cotinis mutabilis vs cotinis nitida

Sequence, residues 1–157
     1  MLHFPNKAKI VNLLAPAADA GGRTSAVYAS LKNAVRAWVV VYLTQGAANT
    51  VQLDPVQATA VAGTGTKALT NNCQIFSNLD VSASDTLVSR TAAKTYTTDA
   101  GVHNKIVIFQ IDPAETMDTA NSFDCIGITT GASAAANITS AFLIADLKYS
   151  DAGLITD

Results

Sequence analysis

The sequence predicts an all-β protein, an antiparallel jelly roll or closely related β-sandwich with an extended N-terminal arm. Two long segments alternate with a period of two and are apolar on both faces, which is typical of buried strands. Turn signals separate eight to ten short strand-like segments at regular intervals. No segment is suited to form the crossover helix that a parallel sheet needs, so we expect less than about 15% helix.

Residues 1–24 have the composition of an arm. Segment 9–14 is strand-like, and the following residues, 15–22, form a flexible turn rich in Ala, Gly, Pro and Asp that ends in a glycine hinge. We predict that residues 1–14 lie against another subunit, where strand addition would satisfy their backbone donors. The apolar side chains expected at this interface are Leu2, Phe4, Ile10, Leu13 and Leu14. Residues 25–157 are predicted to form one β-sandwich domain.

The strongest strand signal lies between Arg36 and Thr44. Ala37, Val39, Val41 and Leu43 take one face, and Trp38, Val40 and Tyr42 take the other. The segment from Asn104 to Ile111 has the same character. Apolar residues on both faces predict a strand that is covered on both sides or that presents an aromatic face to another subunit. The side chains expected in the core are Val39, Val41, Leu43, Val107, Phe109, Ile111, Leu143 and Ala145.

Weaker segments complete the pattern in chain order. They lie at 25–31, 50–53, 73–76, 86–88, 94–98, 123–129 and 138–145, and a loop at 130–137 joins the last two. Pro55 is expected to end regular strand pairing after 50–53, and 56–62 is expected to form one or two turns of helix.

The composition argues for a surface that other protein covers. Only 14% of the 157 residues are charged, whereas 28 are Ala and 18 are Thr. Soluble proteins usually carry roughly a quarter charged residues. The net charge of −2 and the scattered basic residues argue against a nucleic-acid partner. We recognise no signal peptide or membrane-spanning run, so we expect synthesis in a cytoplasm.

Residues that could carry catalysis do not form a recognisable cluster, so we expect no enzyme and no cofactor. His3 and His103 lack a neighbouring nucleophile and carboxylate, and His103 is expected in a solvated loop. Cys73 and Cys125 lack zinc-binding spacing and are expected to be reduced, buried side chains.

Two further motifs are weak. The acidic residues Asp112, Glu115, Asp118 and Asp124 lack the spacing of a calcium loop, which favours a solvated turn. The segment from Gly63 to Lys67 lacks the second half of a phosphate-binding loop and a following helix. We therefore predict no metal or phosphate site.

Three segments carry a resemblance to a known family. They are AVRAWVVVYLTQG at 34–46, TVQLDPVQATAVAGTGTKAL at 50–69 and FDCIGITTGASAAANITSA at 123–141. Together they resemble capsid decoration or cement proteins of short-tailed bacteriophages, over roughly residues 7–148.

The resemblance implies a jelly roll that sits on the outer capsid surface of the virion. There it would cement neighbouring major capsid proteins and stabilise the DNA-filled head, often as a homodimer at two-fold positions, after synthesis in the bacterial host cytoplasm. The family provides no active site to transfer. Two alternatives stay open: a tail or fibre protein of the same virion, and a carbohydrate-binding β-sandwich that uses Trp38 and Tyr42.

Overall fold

Anal opening transverse, straight or slightly curved. Adults do not damage developing fruit, but they may actively seek out ripe fruit (Chapell, 1984) and can cause minor damage, particularly to thin-skinned fruits (Davis, 2014). 2000. A number of characters are useful in separating Cotinis and Protaetia, including: scutellum (Cotinis mutabilis with scutellum hidden under pronotum versus scutellum clearly visible in Protaetia spp. They have six small, ineffectual legs; to move, they roll onto their backs and propel themselves upside down, using the stiff dark hairs on their backs to gain traction. The Figeater is listed on BugGuide as eating “ripe fruit and sometimes sap”, and the Green June Beetle is listed on BugGuide as eating ripening fruit and leaves. Total body length 17.0–34.0 mm (0.67–1.34 in). Both are members of the flower beetle subfamily , and are similar in appearance, but the green June beetle is smaller, and its range is in the eastern United States. Please enter your username or e-mail address. Raster with 2 or more irregular rows of pali; inner row of each palidium having 7–10 pali each much larger than those pali in the outer row. A new species of Cotinis (Cotinis) Burmeister from Mexico (Coleoptera, Melolonthidae, Cetoniinae). ), and metasternal keel (Cotinis mutabilis with metasternal keel strongly produced, versus metasternal keel reduced in Protaetia spp.). Prevent the spread of this species by reporting your observation at our iNaturalist project. Cotinis mutabilis, also known as the figeater beetle (also green fruit beetle or fig beetle), is a member of the scarab beetle family. [1] Fruit with tough skins are too hard for them to bite through,[1][3] so they most often eat softer-skinned fruit such as figs, peaches, grapes,[3] pears, and tomatoes, among others. ), grape (Vitis spp. Grub C-shaped, not hump-backed, cylindrical, whitish. [1], The figeater beetle is native to moister areas of the American southwest, where its natural diet includes fruit from cacti and sap from desert trees. The only possible crossover of both species is in Texas. Cotinis nitida is a very large beetle (nearly 1", 90mm long) The image at left is a Japanese Beetle and it has a much different appearance than the June Beetle. [1] They are not considered to be an important pest because they do not damage lawns as larvae and trees as much as June beetles or Japanese beetles. They make a loud buzzing sound similar to that of carpenter bees, possibly because they do not need to open their elytra in order to fly, an ability shared with many other flower beetles. Though we are certain that the genus on your beetle is Cotinis, we are torn with the species. [1][3] The larvae eat decomposing organic matter, such as that found in compost piles, manure piles, and organic mulch, and occasionally plant roots, such as the roots of grass in lawns.

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